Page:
PART 5: The Energy company of the future: Use case - installation of photovoltaic powerplant

PART 5: The Energy company of the future: Use case - installation of photovoltaic powerplant

4 min read

Installation of photovoltaic powerplant

Traditional ESCO contracts are for 15+ years. During this period, the installed equipment and all the work invested must pay for itself through the power generated. Therefore, it is in the contractor‘s interest to install high-quality equipment and follow good engineering practices. Any poor opera-tion and subsequent fault recovery will be the contractor‘s cost and not the client‘s, as in a conven-tional implementation. Therefore, it is crucial to pay particular attention to quality control during the construction phase, especially if subcontractors are involved.


Regardless of the quality control during construction, there may be hidden faults in the system that become apparent during commissioning and the first year of operation, which is the most critical period for ESCO projects. The test operation verifies both the technical soundness and the actual ability to achieve savings.


Energy management process simplified 

For this purpose, we must set up control charts that allow us to monitor the operational parame-ters in real-time. In addition to the critical process indicators, we also need to define an action plan in case of noncompliance. In this way, employees have clear instructions on how to rectify faults as soon as possible, thereby increasing the project‘s profitability and reducing the losses in a poorly functioning system. Therefore, all ESCO projects are based on a PDCA cycle of continuous improvement throughout the whole contract period.

Operation & maintenance

The first operation and maintenance phase starts in the first year of test operation, although this is still considered the Design & Installation phase for ESCO projects. During the operation and maintenance phase, we carry out performance monitoring in addition to the regular operating activities. If we detect anomalies, actions are required to correct the irregularities as soon as possible.

Performance monitoring

Without good data, it is not possible to monitor the efficiency of the energy process. However, data alone does not provide valuable information, so a systematic approach to setting up meas-urements is needed. Before setup, a checklist and a measurement plan should be prepared, defining the measurement site, the measurement principle, the design of the meter, the accuracy level, the recording interval, the data storage and the person responsible for setting up and control-ling/maintaining the measurement. The measurement plan allows us to quickly check the meas-urements‘ consistency, re-establish the measurements in case of malfunctions, and interpret the results correctly.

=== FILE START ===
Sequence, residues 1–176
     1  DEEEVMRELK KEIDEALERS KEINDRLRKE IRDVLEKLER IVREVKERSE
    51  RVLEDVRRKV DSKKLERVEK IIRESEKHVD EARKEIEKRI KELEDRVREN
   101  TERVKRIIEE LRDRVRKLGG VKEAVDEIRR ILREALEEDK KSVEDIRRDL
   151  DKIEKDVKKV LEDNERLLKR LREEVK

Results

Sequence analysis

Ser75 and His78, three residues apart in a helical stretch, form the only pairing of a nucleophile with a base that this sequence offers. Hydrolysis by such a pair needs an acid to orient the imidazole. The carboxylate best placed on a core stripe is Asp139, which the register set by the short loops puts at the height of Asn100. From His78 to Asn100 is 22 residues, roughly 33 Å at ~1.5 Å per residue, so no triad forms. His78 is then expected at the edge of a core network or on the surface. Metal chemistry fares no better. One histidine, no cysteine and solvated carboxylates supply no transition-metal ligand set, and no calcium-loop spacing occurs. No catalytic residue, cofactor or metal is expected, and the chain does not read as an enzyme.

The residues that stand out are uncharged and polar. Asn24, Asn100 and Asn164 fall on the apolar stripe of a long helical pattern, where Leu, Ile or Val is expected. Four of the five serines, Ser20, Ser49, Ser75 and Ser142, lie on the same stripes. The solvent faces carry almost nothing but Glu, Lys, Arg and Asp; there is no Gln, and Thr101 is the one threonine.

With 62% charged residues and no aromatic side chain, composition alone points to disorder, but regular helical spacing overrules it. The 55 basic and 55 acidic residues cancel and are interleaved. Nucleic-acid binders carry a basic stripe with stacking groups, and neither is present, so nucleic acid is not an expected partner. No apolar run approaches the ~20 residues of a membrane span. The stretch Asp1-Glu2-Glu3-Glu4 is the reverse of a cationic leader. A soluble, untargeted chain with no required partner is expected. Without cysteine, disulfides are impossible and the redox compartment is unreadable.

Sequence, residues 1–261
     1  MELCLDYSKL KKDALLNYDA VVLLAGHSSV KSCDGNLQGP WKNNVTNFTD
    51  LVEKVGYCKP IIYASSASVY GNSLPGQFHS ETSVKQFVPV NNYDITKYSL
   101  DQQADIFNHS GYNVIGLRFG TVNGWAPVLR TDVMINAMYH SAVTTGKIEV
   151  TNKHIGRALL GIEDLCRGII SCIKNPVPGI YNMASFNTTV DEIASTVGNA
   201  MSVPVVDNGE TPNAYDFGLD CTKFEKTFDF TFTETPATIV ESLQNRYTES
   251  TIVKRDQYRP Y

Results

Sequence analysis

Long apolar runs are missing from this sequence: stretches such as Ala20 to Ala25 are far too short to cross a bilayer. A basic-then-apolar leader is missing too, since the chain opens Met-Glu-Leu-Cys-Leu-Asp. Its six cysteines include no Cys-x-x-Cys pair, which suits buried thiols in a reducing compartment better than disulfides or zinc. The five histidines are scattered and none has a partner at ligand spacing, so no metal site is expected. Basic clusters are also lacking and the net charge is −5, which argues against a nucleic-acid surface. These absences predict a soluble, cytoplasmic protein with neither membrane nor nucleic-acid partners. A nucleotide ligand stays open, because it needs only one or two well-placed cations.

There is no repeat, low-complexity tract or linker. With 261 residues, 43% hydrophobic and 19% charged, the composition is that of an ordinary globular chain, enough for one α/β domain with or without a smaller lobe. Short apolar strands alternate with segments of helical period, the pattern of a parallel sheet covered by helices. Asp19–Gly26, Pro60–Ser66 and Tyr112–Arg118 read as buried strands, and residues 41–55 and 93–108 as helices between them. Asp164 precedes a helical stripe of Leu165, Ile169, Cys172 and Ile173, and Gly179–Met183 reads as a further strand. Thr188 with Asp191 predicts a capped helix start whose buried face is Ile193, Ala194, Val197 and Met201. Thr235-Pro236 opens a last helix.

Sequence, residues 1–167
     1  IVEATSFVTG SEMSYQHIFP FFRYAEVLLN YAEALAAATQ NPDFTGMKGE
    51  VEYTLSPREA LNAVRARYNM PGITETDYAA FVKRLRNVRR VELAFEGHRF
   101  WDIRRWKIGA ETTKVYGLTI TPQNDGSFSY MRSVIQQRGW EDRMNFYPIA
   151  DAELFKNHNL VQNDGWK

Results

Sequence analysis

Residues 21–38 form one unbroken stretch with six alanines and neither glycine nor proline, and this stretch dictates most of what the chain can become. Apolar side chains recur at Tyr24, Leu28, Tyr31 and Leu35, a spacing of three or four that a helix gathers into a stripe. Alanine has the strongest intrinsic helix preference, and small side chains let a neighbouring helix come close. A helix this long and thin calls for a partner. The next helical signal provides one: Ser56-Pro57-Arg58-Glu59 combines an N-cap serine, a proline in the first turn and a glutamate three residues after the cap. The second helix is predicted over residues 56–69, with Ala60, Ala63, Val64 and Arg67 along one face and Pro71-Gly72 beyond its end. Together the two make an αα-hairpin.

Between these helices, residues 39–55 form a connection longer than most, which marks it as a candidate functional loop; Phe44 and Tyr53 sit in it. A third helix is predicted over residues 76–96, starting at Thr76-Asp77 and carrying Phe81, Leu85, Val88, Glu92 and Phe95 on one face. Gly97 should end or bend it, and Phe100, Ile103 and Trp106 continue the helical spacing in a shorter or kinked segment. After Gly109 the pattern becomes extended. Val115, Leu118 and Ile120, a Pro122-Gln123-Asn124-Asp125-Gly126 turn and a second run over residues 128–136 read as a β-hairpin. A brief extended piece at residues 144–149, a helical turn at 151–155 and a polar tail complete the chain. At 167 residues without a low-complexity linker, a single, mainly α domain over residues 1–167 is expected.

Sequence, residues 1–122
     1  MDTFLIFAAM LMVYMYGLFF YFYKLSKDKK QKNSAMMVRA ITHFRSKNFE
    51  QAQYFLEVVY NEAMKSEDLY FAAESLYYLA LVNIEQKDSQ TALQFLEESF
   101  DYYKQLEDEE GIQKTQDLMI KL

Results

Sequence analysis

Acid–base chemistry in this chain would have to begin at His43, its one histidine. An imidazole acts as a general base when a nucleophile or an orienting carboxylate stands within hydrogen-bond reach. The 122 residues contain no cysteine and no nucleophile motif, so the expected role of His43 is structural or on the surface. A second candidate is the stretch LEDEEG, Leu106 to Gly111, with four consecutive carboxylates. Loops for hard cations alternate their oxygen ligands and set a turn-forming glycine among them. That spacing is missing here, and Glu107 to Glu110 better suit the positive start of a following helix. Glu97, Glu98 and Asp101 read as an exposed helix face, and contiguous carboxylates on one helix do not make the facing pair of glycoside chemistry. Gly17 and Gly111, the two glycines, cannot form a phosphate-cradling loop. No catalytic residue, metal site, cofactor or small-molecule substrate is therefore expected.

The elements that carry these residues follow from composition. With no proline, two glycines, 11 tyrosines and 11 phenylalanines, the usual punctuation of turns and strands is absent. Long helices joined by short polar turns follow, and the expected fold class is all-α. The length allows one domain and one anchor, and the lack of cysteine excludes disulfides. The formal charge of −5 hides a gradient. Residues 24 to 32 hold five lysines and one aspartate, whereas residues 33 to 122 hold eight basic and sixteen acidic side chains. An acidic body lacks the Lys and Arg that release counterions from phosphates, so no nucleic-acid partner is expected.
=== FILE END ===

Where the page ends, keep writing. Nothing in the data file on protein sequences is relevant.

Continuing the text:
Measurement plan of a digital representation of the real world.

In addition to the process data, we need to capture data on external factors such as the quality of the input materials, operating parameters, production and weather conditions for the same time interval. External factors may be beyond our control, but we must certainly consider them in the analyses.


Performance monitoring process flow

When implementing control charts, we must remember that they are tools that can identify specific causes of variability, if used routinely and carefully. However, it is the commitment of management and technicians that is important to eliminate the causes. We need to establish a system of accountable employees and powers, which is the basis for the effective implementation of the corrective measures set out in the action plan in the event of a loss of control of the process. 

When dealing with specific causes, it is essential to find the root of the problem and try to eliminate or control it. We need to involve technicians and engineers in the statistical process and control process if we do not know the reason. Cosmetic fixes do not give us permanent results. We must propose actions for all identified weaknesses. To determine the logical sequence of their implementation, we can classify activities according to their cost and the time needed to implement them.

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About the Author

Matej Fröhlich Novkovič

Product manager for Utility and Energy solutions